Apple has always been seen as one of the biggest enemies of the “right to fix” movement. He has been widely criticized for his strong restrictions on who can repair his devices, which ends up costing consumers a lot, even with Apple Care and warranty programs in place. Apple is now handling part of these complaints with its Independent Repair Provider program for third-party repairers, which is now expanding to almost every country where Apple products are sold.
The only places authorized to repair Apple products, such as iPhones, are at the official Apple Stores, which are rare between the two, or at authorized third-party companies that are usually as expensive as the original options. In addition to price considerations, however, these Apple Authorized Service Providers or AASPs are unable to reach many customers who may reside in more distant areas.
The Independent Repair Provider program was only launched in 2019 as something of a compromise between large AASPs and smaller stores that often use unauthorized tools and fake parts. This would allow these smaller stores to gain some form of Apple accreditation without threatening the business of Apple’s partners.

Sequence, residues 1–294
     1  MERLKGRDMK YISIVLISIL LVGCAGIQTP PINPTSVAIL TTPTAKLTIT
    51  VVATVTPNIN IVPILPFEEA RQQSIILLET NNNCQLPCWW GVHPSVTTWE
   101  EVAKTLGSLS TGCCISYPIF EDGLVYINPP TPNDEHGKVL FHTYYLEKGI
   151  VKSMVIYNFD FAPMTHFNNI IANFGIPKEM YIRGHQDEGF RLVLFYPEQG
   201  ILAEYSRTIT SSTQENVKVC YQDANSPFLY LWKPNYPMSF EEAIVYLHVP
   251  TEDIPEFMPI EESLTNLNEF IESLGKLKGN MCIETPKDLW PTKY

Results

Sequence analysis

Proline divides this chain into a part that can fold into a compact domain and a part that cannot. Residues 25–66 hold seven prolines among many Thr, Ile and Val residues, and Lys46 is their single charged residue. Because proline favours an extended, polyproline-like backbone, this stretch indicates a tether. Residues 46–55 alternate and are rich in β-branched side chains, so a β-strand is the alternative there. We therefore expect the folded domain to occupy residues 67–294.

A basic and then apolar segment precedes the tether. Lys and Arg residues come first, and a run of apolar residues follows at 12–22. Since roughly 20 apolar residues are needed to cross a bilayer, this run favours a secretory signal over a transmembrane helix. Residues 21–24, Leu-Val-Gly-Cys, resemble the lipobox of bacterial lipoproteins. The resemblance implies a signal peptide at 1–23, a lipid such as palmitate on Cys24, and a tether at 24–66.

Signing up for the program is free, says Apple, but neither does it talk openly about the fine print of the program. These independent repair shops have access to only limited types of components, only the most common ones, such as batteries and screens for iPhones. They can also be fined a large amount if Apple suddenly decides to inspect and find them guilty of using unofficial components in their repairs.
The Independent Repair Provider program was previously limited to the USA, Canada and Europe. Now, it will expand to more than 200 countries throughout the year. Enrollment in the program is free, but technicians still need to pass their own certification courses and exams, and they are not exactly free.